Dell Seeks Investor Input For Additional VMware Merger Options

In the latest twist of the Dell-VMware saga, a public disclosure Dell filed Thursday with the SEC revealed the privately held company is evaluating additional potential routes to a merger with VMware.

Dell said it is now soliciting input from investors in a Dell tracking stock linked to the VMware business in order to gauge interest in an arrangement that would allow holders of the tracking stock, DVMT, to hold complete shares of Dell.

That option, according to the SEC filing, amounts to the "potential conversion" of the tracking stock into shares of DHI common stock of Dell. The arrangement would allow Michael Dell and private equity firm Silver Lake Partners to exchange common stock for shares of the publicly traded tracking stock. It would also allow holders of the tracking stock, including hedge fund Elliott Management, to hold complete shares of Dell.

That option is being considered in addition to a reverse merger, which would allow combined Dell-VMware shares to be publicly traded, an IPO, and doing nothing.

Investors in both the tracker stock and VMware's publicly traded shares seemed pleased by Dell's latest tack on exploring merger options and the potential of an exchange of stock.

DVMT shares were up 5.8 percent Friday, trading at publication time around $78.63.

VMware shares were up 1.5 percent, to $138.98 at publication time.

As part of the process, Dell's board has also appointed two directors to independently represent VMware shareholders. Both David Dorman and William Green would have to approve any deal involving the VMware tracker stock, as would the majority of shareholders outside of Dell.

[Related: Partners Anxiously Anticipating Decision On Dell VMware Reverse Merger]

Dell currently owns roughly 82 percent of VMware through its 2016 acquisition of EMC. About half that equity is traded through the tracker stock.

Dorman is a co-founder of Centerview Capital Technology, and currently chairman of the CVS Health board. Green was once CEO and Chairman of Accenture.

Dell has retained Evercore Group as a financial advisor to the two-man "special committee" that could act as a liaison between Dorman and Green, and VMware investors.

Sonia St. Charles, CEO of the Davenport Group, a St. Paul, Minn., solution provider that works with both Dell EMC and VMware, said she's keeping an eye on the potential moves the companies could make, and expects that any option that includes Michael Dell as CEO would be positive.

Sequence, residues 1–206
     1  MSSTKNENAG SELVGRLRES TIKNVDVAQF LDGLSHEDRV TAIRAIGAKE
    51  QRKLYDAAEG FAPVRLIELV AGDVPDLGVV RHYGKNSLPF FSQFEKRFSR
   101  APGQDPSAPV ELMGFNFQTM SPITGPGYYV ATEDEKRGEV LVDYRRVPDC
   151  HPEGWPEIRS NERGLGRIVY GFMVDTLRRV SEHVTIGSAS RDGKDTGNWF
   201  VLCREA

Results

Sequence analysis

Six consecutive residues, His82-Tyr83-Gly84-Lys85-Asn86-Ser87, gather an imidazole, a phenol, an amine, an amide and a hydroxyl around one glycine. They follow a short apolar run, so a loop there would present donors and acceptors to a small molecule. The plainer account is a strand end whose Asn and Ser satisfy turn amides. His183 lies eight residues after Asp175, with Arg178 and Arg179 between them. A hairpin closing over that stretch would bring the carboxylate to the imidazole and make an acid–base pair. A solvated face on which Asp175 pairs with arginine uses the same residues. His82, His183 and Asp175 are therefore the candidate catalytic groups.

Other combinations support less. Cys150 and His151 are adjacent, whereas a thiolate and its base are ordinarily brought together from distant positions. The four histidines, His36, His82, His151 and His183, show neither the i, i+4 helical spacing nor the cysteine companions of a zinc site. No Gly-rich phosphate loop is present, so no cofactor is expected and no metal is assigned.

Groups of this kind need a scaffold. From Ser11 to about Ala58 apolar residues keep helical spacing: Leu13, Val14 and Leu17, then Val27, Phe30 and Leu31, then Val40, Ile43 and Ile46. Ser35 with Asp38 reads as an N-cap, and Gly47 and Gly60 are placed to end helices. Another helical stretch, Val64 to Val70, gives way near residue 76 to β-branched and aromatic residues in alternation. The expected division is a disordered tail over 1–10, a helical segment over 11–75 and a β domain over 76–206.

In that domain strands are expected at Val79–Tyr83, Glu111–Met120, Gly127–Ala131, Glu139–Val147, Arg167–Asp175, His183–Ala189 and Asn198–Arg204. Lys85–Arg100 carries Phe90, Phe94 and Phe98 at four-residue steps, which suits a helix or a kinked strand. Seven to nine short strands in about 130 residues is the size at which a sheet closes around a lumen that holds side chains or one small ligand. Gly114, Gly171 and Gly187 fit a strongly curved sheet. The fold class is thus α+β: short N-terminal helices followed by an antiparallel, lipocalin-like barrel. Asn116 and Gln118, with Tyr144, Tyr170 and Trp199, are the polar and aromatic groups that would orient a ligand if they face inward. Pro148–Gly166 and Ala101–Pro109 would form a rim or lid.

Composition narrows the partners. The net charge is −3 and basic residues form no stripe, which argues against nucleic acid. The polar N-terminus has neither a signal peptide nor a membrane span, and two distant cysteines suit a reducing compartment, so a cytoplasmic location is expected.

"I think it's a paper transaction, and Dell will once again be a public company," St. Charles said. "As long as Michael Dell is at the helm, the commitment to the customer and the channel will not change. We're significant VMware partners, as well as Dell partners. For our business, it's going to be positive. I think it's all part of the plan that came out of the acquisition [of EMC], and these things will happen for years."

Dell had been previously considering a reverse merger as a speedy route to once again becoming a public company. That option, which would avoid a cumbersome IPO process, was panned by VMware's shareholders as a deal that would benefit Dell Technologies, and its founder Michael Dell, at their expense.

In March, One of VMware's largest independent shareholders, Jericho Capital, sent off a sharply worded protest against a reverse merger with Dell, arguing that plan would undermine VMware's successful growth strategy to service Dell's massive debt.

"Even the most casual observer can see that [VMware] gains nothing by saddling the Company’s faster growth, net cash, highly strategic software business with the dead weight of Dell’s slower growth, heavily debt-laden, legacy hardware-dependent entity," wrote Josh Resnick, managing member of the firm that owns 1.8 percent of the virtualization leader.

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